wbht'll be the end on't. I met him t'other Sunday walking
with his mother to clhrch, with a Bible and palm book in
his hand, and looking a sober as Deacon lParons himself.
He] t ke to religion, I e'poe, and then maybe they'll
make a minister on him, one oa those days."
SWell, I'm sorry fort, said Jim .* Frank usae to be
one of thU fine hands is he world for a spree; ats t here
ar so few of the boya her6 that are up to any fan, tht I
don't alke to have him leave tna.
don't Jholve he wil"' odt Ben. He's not in

earnest depend on't. Xt' only one o' his tricks, he's tryn'
to make game of the people. Well bring him out on't,
SIf we ogld manage to get him into one of hie old
rapess/" aid Jim, "that would do the business for him.
ie wouldn't dare show his fane either at ohuroa or Sunday-
school arter that."
"I've thought ofjust4he plan," sad Hugh. "Yon know
Squire Goodwin who lives in the white house about hal a
mile down the river. Well, he's got the biggest lot o'
melons that-ever you seed They're away on the back
edge of his orn-field, and not in sight of the house at al.
I was along there yesterday, and looked at 'em. They're
just about ripe, and there's o many that the ground's all
covered with 'em. Now, I tell you what boys; I've made
up my mind to have some o' them mtelon. Come, let's go
there to-morrow night carter the folks are all a-bd. We'll
try and persuade Flran to go with Uv. He's terrible fond
o' melons, and can't refuse. And if le joins n1, we'll con-
trive to have him found out some way. He'll e shamed
then to make any more fas about being good, and will be
a wild, rttt ln' fuller aain, as he nsed to be.
n* ura, Oat'e capital shouted the two other boys;
Sthat'll f him, sure as a gn. But who's to udertake the
job? Who'll get him to got"
SWell, perhaps I'd better be the one to ry, answered
Hugh. "Frank and I were once pretty thick, and I guessa
ce come it ovr him yet."
To this tthe them agreed; and the young reprobate
ending the fish had left off biting, and thinking moe of the
fish they wanted to catch on the land than of those they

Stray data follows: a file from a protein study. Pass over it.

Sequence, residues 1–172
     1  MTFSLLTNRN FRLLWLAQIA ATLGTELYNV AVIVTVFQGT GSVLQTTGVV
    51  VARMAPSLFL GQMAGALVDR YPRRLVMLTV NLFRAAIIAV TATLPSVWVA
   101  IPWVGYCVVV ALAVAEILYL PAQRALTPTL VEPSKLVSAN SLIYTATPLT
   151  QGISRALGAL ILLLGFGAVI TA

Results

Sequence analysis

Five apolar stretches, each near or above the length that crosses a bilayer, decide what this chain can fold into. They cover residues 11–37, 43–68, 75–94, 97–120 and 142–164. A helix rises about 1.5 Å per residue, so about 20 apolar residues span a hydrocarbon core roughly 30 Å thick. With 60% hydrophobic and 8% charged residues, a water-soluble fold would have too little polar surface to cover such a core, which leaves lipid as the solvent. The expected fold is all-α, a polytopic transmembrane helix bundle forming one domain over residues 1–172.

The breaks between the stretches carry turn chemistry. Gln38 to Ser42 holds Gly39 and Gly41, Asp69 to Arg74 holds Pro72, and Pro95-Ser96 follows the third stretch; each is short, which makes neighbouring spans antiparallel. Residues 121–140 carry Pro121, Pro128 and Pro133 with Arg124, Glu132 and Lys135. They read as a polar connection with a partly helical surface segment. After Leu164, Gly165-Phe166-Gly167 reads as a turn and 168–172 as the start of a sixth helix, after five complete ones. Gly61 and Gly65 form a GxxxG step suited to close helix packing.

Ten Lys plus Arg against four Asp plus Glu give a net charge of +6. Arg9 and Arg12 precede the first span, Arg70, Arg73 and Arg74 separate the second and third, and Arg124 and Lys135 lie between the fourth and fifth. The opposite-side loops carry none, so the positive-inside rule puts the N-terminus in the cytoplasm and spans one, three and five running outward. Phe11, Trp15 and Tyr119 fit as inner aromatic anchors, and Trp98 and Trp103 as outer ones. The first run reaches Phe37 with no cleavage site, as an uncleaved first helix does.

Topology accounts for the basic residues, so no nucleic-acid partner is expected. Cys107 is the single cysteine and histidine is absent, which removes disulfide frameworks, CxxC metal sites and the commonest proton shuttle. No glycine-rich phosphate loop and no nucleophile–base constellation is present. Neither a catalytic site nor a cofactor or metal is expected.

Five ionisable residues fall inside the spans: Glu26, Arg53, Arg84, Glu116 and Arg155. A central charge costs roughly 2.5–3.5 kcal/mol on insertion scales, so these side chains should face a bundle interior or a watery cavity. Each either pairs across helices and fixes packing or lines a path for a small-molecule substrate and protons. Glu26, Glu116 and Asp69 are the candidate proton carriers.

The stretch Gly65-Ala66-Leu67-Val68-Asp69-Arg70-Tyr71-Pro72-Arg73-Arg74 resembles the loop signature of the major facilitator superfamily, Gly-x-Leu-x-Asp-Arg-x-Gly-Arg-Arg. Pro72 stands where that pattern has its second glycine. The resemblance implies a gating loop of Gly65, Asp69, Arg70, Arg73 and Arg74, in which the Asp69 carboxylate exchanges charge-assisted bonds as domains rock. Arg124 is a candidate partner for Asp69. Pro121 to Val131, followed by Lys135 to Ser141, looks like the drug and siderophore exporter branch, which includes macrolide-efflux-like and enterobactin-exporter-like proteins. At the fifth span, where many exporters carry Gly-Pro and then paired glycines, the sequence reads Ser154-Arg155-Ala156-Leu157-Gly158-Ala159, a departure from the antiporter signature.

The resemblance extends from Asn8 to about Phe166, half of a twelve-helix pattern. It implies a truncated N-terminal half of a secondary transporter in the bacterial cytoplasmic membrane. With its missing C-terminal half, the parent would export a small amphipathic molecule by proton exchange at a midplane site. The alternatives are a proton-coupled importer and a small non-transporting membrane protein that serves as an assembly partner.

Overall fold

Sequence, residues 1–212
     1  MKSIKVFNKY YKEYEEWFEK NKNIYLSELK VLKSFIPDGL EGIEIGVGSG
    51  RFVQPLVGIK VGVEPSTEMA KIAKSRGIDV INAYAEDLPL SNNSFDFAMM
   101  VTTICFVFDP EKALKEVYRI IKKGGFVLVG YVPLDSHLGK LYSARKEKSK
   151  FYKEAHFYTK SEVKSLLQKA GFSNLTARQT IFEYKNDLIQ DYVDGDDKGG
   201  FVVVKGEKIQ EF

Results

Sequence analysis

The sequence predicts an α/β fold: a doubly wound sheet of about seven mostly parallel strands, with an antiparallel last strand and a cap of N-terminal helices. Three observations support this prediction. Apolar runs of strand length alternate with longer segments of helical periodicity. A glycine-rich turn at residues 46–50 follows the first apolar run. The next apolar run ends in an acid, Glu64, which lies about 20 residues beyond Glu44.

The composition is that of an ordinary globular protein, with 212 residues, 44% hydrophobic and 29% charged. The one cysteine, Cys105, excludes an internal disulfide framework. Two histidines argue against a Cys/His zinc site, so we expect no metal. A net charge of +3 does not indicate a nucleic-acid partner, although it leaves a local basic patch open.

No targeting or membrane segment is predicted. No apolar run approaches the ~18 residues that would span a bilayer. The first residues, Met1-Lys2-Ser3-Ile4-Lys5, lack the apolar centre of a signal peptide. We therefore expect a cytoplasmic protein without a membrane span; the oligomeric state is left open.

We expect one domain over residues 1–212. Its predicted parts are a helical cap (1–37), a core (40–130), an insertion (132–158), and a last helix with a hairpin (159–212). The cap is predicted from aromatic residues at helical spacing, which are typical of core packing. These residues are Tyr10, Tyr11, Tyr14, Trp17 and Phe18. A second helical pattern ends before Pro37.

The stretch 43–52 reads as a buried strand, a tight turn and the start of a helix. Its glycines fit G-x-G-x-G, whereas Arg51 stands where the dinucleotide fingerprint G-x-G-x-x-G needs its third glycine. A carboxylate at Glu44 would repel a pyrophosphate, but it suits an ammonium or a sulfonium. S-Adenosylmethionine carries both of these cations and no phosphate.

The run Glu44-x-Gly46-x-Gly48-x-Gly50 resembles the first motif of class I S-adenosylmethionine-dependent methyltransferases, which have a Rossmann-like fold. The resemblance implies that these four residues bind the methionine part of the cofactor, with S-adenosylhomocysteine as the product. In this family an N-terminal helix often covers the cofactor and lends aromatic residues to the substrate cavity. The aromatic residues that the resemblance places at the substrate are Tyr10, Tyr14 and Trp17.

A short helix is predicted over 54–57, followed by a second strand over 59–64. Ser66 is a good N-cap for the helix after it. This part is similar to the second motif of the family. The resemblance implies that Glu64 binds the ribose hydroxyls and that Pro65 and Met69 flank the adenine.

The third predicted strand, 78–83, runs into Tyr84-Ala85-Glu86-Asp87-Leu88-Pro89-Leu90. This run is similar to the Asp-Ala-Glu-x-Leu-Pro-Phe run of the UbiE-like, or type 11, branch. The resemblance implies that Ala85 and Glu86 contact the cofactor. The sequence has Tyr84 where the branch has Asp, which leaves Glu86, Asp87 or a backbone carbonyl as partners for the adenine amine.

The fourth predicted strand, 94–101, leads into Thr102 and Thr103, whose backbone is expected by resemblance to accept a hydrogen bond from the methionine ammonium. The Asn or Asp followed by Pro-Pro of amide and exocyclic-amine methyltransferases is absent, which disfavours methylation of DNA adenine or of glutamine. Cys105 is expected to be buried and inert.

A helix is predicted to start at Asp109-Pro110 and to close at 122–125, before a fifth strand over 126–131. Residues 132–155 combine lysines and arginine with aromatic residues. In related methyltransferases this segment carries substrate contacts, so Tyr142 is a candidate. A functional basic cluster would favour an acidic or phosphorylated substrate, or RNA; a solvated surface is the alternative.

couldn't cath in the water, drew up their hoolks and went
The next morning, while Fanik was sbsily at work weed-
ing hi mother's little patch of corn, so as to lae the sum
in po the ea rs, that they might ripen the fIster, Bogk
Thompson came mlaunteing down the lane and seeing rznk
in the feld, got over the f e, and went to him.

"l ow are ye, Frank How've ye been this long time"
Frank had no wish for Hugh's society, knowing what a
tiolous fellow he was; but remembering the scriptural
command, Be courteous," he answered civilly-
"I'm very well, I thank you. ow've you been getting
along t
SMerry a cricket. Beut, Frank, it seems o me you're
'maziug industries. What's got into you lately t I've
hardly seen you this summer, You haven't been fishing or
boating with us once. You wasn' t t he last training, and
there' been two or three sprees up on the hill, where they
had lots o' flnt and Ban, and Jim, and I were there, and
we thought you'd be too, but you wasn't. Why oi the
world do you keep yourself so closes
I haven't much time for play. Mother's very unwell,
and needs all I can do; and when I have a little leisure,
1'd rther spend it in reading than in tramping about the
SBut you might have a little port now and then, on
Sunday, as you used to do."
"O no. I've seen that all that was very wrong. I now
go to BSnndy-sohool and chuch, and the res~ of the day I
read the Bible and good books to mother; and I'm a greet
deal happier than I w when I di differently.
"But you'll nope yourself to death, if you go on so.
All work and no play '11 make Jack a dull boy.' Come
now, let's hav e one good froli for the k of old times.
Bome of us fellers are going' to have a real bit o' fun to-
night. There's Squie Goodwin has got a famoeu melon-
patch, i n n out of the way sort o' place, where nobody ca
soe you. Well, vwe'r going' there, and we want you to go
with ms. There's heapa of 'em, more than he knows what
to do with, and he'd give us as many as we liked, if we only
asked him; but that, you know, wouldn't e half so plea-
ent as to take 'om ourselves. It ain't no hzm to pick a
aew melons without leave, when they're so plenty. Every-
body does it and people only laugh at the feller that loe.

No, I can't o. It wouldn't b right. quire Goodwin
is an honest mau, that does well by all, and is very kind to
the poor. Only last winter, when the enow was so deep
and everything so dear, he sent mother three bushels of
wheat and several bags of potatoes, and a great load of
wood,all out and split for the stove. And do you think r l
be o mean a to go amd steal his melons I No, I'd eooner
never taste one as long s I live, cried Fraink, energeti-
cally. "Ive doe e suh tricks, I know; but I'm anhIamed